RH: It is incumbent upon the surgeon to spend time with both the patient and their spouse or significant other prior to surgery to help them understand the nature of outpatient surgery. Outpatient total joint replacement requires both the patient and their care giver understand how to deal with impaired mobility in the first several days following surgery. This impacts the ability to get to the bathroom, the ability to get dressed, the ability to leave the home, and in many cases the ability to get up and down one or two flights of stairs.

Additionally, it is important that patients understand how to manage their wounds, and how to manage pain medications and nausea. Finally, it is also important that patients and their care givers understand the need for stool softeners and cathartics to manage their bowels. In our institution, both the surgeon and the physician assistant spend a significant amount of time with the patient and their caregiver prior to the operation. We provide a packet of information outlining and answering frequently asked questions, and providing information to access the social worker.

My website also has links to frequently asked questions, rehab protocols, and so forth.

MR: The advances in anesthesia, pain control, perioperative monitoring, pre-op screening along with abundant preparation via education of the patient and helping family and/or friends has allowed for accurate assessment of risk. We have less than 0.5 percent of patients requiring hospital admission in the 60 days post procedure. Less than 25 percent of our patients require an inpatient rehabilitation facility after discharge.

Q: How well do surgeons educate patients on what an outpatient total joint replacement consists of?

RH: Prior to the surgery, each patient receives a call from the surgery center to review the use of preoperative medications for minimizing pain, the proposed anesthesia, the operative procedure, and the post-operative requirements. When patients are discharged, they are discharged with teaching materials. All patients are seen by a physical therapist for instruction in gait training prior to leaving the institution.

We are in the process of putting together a CD to provide patients upon discharge. Presently there are pre- and post-operative rehab protocol linked to my website for easy patient access.

MR: I hope adequate time is allowed for education. My staff and I spend at least two to three hours reviewing all aspects of perioperative care for patients undergoing ambulatory total joint arthroplasties. Some patients and family require, or want four to five hours of education. Generally, the more rural the patients live, the more self-sufficient they are. If they cut, split and dry their own firewood for heat, we’re fairly sure they will love their outpatient surgery experience.

Q: What technologies are crucial in making these procedures successful?

TE: In the past there’s been confusion about whether minimally invasive surgery (MIS) leads to more rapid outcomes which works well in the outpatient surgery environment. I’m actually doing standard approaches that are very reproducible. It’s through better pain control methods, better psychological management and pre-operative education that we are able to send patients home with a standard approach.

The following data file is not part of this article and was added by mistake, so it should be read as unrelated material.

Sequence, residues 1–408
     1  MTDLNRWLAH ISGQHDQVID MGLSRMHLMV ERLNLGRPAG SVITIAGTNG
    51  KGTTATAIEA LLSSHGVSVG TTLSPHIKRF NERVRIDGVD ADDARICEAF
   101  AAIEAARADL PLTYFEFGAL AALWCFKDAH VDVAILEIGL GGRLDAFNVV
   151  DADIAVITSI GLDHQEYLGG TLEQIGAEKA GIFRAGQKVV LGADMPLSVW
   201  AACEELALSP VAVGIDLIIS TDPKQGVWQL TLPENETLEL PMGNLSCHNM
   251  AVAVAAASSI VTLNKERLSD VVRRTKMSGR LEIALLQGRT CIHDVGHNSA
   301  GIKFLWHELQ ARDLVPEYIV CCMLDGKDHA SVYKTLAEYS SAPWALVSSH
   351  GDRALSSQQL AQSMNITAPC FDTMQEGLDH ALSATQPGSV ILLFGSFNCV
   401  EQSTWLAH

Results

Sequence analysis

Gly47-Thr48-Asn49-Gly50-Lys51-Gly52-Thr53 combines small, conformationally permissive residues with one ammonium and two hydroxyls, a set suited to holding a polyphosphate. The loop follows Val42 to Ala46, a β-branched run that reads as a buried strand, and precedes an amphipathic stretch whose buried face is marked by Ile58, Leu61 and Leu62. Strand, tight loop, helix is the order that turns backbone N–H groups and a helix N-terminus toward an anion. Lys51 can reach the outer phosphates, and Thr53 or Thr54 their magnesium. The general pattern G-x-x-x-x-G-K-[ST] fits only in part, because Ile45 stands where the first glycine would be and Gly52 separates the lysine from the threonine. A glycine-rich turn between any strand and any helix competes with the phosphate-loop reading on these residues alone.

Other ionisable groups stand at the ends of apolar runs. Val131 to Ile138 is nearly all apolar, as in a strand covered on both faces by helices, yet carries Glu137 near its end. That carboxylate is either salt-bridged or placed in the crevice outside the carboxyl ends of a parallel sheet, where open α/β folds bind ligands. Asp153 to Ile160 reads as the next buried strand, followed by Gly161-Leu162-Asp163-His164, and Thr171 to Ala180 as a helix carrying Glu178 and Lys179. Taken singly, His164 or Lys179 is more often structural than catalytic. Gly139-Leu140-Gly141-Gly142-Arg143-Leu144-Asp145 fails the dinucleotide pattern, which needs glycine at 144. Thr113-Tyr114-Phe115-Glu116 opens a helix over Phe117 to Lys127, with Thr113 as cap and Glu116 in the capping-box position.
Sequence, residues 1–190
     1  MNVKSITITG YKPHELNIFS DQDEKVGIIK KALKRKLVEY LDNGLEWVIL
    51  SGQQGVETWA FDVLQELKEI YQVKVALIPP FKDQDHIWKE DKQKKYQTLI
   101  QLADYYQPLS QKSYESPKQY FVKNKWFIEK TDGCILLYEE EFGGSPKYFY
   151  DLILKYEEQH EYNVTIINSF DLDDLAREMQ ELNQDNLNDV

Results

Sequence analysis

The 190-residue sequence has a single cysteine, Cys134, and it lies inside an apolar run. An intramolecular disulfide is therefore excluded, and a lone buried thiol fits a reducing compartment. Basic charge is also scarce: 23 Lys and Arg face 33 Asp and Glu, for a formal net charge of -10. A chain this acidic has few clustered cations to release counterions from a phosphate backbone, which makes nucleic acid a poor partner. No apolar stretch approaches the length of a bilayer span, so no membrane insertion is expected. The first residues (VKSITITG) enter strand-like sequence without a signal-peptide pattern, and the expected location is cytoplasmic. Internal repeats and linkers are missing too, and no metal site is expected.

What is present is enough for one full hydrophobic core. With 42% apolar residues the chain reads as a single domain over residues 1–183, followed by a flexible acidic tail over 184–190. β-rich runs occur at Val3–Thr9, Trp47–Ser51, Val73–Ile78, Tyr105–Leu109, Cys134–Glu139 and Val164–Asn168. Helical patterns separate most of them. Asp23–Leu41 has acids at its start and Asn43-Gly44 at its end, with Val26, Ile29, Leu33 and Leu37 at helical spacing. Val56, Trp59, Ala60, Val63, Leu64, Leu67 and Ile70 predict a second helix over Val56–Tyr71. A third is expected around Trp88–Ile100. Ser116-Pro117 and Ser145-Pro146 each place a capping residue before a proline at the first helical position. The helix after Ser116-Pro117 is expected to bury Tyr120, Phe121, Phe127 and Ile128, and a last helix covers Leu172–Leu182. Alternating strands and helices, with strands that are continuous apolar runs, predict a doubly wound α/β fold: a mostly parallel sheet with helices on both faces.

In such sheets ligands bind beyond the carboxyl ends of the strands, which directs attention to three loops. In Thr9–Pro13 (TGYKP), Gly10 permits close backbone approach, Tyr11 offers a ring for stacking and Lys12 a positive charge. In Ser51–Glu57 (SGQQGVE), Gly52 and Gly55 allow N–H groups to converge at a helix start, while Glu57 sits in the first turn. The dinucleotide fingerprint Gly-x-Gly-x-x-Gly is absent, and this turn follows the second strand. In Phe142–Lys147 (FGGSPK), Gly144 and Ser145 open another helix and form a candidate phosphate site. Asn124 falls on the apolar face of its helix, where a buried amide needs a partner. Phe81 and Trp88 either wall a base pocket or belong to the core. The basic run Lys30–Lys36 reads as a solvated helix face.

The psychological management is about anxiety reduction techniques before the surgery and delivering exactly what you prepared them for so their expectation of what is going to happen and what actually happens is exactly the same. We repetitively drill into their minds what’s going to happen. I find that to be very powerful; when expectations and delivery match.

RH: The technologies crucial to success of the surgery center are multi-disciplinary. For example, our anesthesiologists have created a preoperative medication cocktail to help minimize pain and minimize the use of narcotics postoperatively. We try to do most of all of our total joint replacements under a light general anesthetic or spinal anesthetic. If a general anesthetic is used, all patients receive a peripheral nerve block. At the time of surgery, the posterior capsule of the knee and the peri-articular soft tissues of the hip are injected with a long-acting local anesthetic.

Finally, from a more technical standpoint, minimally invasive techniques are used for both hip and knee replacements. The direct anterior approach has been more favorable for rapid patient mobilization and less postoperative pain. Most direct anterior approach total hip patients are capable of going home on the same day of surgery. The most recent addition to the total joint program has been MAKOplasty. The use of the MAKO robotic-assisted arm has allowed for smaller incisions, less tissue disruption, less postoperative pain, and in general faster patient recovery.

MR: Actually very few “cutting edge” technologies are needed. Outpatient joints should be possible in the hospital setting before the surgeon and support staff move these into an ASC. Basic and long proven medications, techniques and counseling for controlling pain, nausea, anxiety and bleeding are utilized.

Patient selection, peri-articular blocks, preparation via education concerning home equipment, “prehab” for safe ambulation and transfers, adequate pain control measures (especially emphasizing the need for extremity elevation) and the availability of professional support by telephone or at home check-ups are key aspects of our program. We’ve found that intravenous acetaminophen is quite helpful prior to discharge home or transfer to a rehabilitation facility.

There has been much discussion regarding the use of femoral nerve blocks for controlling pain in knee arthroplasty. We have found blocking the saphenous nerve, a sensory nerve, is as effective for pain control while avoiding disabling the patient’s quadricep muscle.

More articles on ASC issues:

North Hills Surgery Center begins offering price transparency: 4 insights
The Children’s Hospital of Philadelphia officially opens ASC: 4 things to know
7 things to know about Q1 healthcare M&A